flexJET project converts organic waste into sustainable aviation fuel

HORIZON 2020 flexJET project converts organic waste into sustainable aviation fuel  

This is the first technology ever to use green hydrogen from waste feedstock for refining thereby maximising greenhouse gas savings.

Researchers from The Department of Mechanical Engineering at the University of Sheffield are working on a project that will validate a new integrated process to produce sustainable aviation fuel. The innovative flexJET project is diversifying the feedstock for sustainable aviation fuel (SAF) beyond vegetable oils and fats to biocrude oil produced from a wide range of organic waste. The process offers better economics and improved overall sustainability by processing waste feedstocks near the source and at a scale that matches the waste availability. 

This project provides clear technical and economic validation, by building a demonstration plant at pre-commercial scale to deliver high quality SAF. The flexJET project is delivering a blueprint for the production and distribution of this novel SAF technology. This will be a showcase of the medium to long-term impact on the aviation industry in Europe and beyond.

The flexJET process is highly scalable and less capital-intensive than current technologies and can be integrated into existing infrastructure. It provides for a sustainable, cost-competitive aviation fuel by combining regional and local supply and demand strategies in a circular economy. As a key factor to the decarbonisation of the aviation transport sector, it contributes to the Renewable Energy Directive Targets in Europe and to the fulfilment of the Carbon Offsetting and Reduction Scheme for International Aviation (CORSIA) goals.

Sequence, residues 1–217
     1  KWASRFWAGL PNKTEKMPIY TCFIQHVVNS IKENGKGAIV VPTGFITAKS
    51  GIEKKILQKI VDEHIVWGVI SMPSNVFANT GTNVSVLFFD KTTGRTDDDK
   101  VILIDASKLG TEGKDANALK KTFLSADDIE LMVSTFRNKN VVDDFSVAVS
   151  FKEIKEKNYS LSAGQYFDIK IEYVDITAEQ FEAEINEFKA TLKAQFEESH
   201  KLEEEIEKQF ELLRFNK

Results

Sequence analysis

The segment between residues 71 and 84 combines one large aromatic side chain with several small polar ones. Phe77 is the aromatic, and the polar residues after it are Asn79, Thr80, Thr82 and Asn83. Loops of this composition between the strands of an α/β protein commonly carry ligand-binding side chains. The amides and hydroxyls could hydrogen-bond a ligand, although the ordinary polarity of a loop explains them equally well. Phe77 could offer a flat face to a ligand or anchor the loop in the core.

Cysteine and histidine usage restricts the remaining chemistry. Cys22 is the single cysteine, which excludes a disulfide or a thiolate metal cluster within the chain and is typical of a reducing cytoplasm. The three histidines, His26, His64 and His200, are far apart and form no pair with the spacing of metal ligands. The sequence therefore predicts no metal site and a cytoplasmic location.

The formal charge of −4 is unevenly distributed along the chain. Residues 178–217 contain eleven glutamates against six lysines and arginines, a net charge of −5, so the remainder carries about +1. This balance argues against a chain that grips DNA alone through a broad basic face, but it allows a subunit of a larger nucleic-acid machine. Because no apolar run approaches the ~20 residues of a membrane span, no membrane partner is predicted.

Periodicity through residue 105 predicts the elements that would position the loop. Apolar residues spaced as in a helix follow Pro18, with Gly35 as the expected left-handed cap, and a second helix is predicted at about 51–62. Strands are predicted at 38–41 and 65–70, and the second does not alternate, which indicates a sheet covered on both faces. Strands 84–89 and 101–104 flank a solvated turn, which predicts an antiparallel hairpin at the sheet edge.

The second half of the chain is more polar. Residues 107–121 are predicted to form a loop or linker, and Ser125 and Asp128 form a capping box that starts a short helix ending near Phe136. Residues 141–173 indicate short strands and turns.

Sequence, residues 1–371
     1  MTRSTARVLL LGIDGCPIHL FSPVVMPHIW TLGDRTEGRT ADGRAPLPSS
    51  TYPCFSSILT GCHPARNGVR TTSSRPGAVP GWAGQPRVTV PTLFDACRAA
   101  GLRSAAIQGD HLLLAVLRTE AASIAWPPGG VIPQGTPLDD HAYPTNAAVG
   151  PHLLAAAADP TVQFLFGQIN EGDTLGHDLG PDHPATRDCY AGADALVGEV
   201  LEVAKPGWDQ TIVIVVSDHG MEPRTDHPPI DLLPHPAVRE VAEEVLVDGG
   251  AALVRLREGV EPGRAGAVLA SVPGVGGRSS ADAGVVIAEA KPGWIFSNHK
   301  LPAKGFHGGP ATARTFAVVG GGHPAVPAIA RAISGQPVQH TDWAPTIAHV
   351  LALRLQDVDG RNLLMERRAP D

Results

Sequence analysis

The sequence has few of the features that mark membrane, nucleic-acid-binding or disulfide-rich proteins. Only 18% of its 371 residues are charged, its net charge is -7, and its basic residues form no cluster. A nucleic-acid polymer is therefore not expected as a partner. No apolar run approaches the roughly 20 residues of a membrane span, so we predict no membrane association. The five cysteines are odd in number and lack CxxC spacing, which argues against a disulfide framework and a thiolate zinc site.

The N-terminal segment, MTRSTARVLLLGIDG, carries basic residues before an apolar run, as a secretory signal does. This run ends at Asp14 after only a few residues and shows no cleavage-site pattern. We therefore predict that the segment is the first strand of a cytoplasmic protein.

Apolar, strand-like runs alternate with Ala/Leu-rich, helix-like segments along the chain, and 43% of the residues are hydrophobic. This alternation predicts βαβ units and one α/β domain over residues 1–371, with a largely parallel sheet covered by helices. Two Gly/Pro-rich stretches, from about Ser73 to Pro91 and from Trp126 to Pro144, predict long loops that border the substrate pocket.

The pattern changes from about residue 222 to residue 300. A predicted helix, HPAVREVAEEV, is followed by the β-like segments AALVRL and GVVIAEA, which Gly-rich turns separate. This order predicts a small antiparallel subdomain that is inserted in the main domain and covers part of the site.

flexJET’s innovative process combines SABR technology from Green Fuels Research for the refining of biodiesel from organic waste fats with the TCR® technology  from Susteen Technologies for the production of biocrude oil from organic solid waste. The hydrogen for refining will be separated from syngas using a decentralised technology from Hygear. As a first step, non-food competing waste vegetable oils (cooking oils) will be transformed into SAF in line with existing standards (HEFA route – ASTM D7566, Annex 2). Using hydrogen from residual biomass conversion and renewable process energy enables a significant reduction in the remaining CO2 footprint of regular HEFA SAF. In the second step, SAF output will be increased by producing SAF through co-refining of organic waste fats with biocrude oil from food and market waste: the resulting novel SAF will be targeted for the ASTM approvals process.

About flexJET and Project Partners:

The consortium brings together some of the most renowned scientific departments, applied research institutions, small and medium-sized enterprises in the renewable energy sector, particularly in terms of bioenergy studies and the development of relevant projects in Europe. Partners from 5 different European countries include: University of Birmingham (Project Coordinator), The University of Sheffield, WRG Europe Ltd, Green Fuels Research Ltd (UK), University of Bologna, ETA-Florence Renewable Energies (Italy), Fraunhofer Umsicht, Susteen Technologies GmbH, BIGA Energie GmbH (Germany), Hygear BV, SkyNRG (The Netherlands) and LEITAT (Spain). From 2018 until 2022, this conjoined effort will make use of the precious assistance of valuable experts in charge of advisors. flexJET project has received funding from the European Union’s Horizon 2020 research and innovation programme under grant agreement No 792216.

Contacts: University of Birmingham Miloud Ouadi, Project Management Team ouadim@bham.ac.uk; ETA-Florence: Stefano Capaccioli Project Dissemination Team stefano.capaccioli@etaflorence.it